A theory-driven program specifically focused on teaching apprentice carpenters how to prevent hearing loss has undergone pilot tests. A new 3-year effort will determine the effectiveness of this program in positively influencing hearing health behaviors. Carpenters participating in the NIOSH model hearing loss prevention program (HLPP) will be compared to a control group that participates only in the current OSHA compliance program. Information about attitudes, beliefs, and knowledge about hearing loss prevention; behavioral intentions; and worksite behaviors will be collected over a 2-year period and evaluated. This research will enable NIOSH to (1) quantify the extent to which the NIOSH program increases carpenters' knowledge about noise-induced hearing loss and the retention of that knowledge over the 2 years of the study, (2) correlate the relationship between attitudes, beliefs, and behavioral intentions with actual hearing loss prevention behaviors (i.e., the use of hearing protectors), and (3) compare the effects of instructional group size (6 or less versus 15-20 or more). Feasibility of program adoption will also be evaluated.

The results of this research will contribute directly to a reduction in noise-induced hearing loss among construction workers.

KEYWORDS: Intervention, hearing loss, effectiveness research


Stephenson, M.R. 2000. Developing a hearing loss prevention program for construction workers. In Proceedings of National Conference of the AFL-CIO Building Construction Trades Department (Washington, DC, April 2-4, 2000).

Stephenson, M.R., and C.J. Merry-Stephenson. 2000. Application of health communication theories. In Proceedings of the U.S. Army 3rd Annual Force Health Protection Conference (Baltimore, MD, Aug. 9, 2000).

Sweeney, M.H., D. Fosbroke, L.M. Goldenhar, L.L. Jackson, K. Linch, B.D. Lushniak, C.J. Merry, S. Schneider, and M.R. Stephenson. 2000. Health consequences of working in construction. In Construction Safety and Health Management, R.J. Coble, J. Hinze, and T.C. Haupt, eds. Upper Saddle River, NJ: Prentice Hall, pp. 211-234.

Merry, C.J. 2001. Why training needs change. In Best Practices in Hearing Loss Prevention, Proceedings (Oct. 28, 1999, Detroit, MI). DHHS (NIOSH) Pub. 2001- 157.


John Franks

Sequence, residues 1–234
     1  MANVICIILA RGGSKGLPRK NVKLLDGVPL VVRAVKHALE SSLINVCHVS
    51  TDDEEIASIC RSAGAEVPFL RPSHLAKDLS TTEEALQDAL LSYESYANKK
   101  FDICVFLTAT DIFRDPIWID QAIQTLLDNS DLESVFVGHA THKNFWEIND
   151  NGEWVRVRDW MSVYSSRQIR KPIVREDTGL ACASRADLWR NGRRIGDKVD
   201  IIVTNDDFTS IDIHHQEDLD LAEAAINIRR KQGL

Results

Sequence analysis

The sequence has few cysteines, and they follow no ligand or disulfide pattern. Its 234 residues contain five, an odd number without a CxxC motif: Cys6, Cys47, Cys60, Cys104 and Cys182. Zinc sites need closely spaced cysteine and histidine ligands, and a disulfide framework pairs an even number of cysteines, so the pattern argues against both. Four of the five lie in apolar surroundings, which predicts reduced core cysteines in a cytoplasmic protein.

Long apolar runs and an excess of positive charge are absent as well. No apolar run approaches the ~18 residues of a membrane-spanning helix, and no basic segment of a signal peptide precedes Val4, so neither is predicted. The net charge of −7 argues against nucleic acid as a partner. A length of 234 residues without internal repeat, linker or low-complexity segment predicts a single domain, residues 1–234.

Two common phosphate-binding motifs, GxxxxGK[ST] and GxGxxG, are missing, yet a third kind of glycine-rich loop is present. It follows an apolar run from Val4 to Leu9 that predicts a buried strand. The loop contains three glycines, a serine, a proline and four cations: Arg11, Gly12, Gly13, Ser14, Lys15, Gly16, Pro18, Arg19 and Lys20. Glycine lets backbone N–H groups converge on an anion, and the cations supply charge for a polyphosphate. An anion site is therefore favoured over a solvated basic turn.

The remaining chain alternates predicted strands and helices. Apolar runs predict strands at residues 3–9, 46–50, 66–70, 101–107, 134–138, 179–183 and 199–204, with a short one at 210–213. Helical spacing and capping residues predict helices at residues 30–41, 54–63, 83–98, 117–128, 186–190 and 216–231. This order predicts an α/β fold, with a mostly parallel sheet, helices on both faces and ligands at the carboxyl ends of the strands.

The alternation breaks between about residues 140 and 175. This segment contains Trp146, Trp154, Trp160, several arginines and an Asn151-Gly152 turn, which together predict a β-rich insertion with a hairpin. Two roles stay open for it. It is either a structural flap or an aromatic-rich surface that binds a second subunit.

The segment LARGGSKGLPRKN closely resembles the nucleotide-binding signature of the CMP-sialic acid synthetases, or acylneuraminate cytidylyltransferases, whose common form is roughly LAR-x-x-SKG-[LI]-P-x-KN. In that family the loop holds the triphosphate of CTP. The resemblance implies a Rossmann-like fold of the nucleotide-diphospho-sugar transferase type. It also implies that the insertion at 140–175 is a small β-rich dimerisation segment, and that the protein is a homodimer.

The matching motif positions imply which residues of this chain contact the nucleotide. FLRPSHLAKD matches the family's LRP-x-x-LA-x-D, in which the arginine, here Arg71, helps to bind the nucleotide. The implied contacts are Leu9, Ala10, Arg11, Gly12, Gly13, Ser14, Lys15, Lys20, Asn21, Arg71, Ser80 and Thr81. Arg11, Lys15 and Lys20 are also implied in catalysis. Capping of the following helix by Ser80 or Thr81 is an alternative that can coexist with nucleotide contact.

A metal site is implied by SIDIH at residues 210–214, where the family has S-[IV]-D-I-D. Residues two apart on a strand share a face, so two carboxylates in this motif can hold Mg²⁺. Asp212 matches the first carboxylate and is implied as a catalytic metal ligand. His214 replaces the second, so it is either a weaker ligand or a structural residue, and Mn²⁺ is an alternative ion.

Division of Applied Research and Technology National
Institute for Occupational Safety and Health (513) 533-8151

PURPOSE: Develop the instruments and methods necessary to assess and rate the protection provided by hearing protection devices both in the laboratory and at worksites.

RESEARCH SUMMARY: More than 30 million workers are exposed to potentially hazardous noise and, at present, the primary redress available is use of hearing protective devices. Accompanying each hearing protector sold in the United States is a label showing the Noise Reduction Rating (NRR) of the device. The NRR was developed so that it could be subtracted from a worker's noise exposure level to determine the protected level of exposure. Unfortunately, because of problems with the test method and market pressures for high ratings, they have been inflated to the point where they may not be used reliably to predict protected levels of exposures. Nonetheless, the NRR is still required by law (40 CFR Part 211, Subpart B).

NIOSH and other laboratories have determined that the present NRR for hearing protectors is not predictive of the protection workers actually receive and thus it is not possible to calculate workers' protected exposure levels. In response, NIOSH has been working with other governmental and non-governmental organizations to design hearing protector rating schemes that will yield a more predictive measure of hearing protector performance. In addition, methods for determining the actual hearing protection received by a worker for the device he or she is using are being developed. Past NIOSH research has resulted in a newer psycho-acoustic test method for hearing protectors that has been embodied in an American National Standards Institute standard. Additional work is necessary to establish the relation between the data obtained with the older and newer test methods. The primary goal is to incorporate the new method into the existing EPA labeling regulation for hearing protection devices.

Key parameters will be determined for test methods that allow accurate characterization of the attenuation of hearing protectors. It is anticipated that it may be necessary to employ rating adjustment factors to make the two methods equivalent and that these rating adjustment factors may need to be applied to laboratory data for each class of hearing protector or even for each hearing protector. Thus, a person or company should be able to select an appropriate protector based on new laboratory data or the worksite test.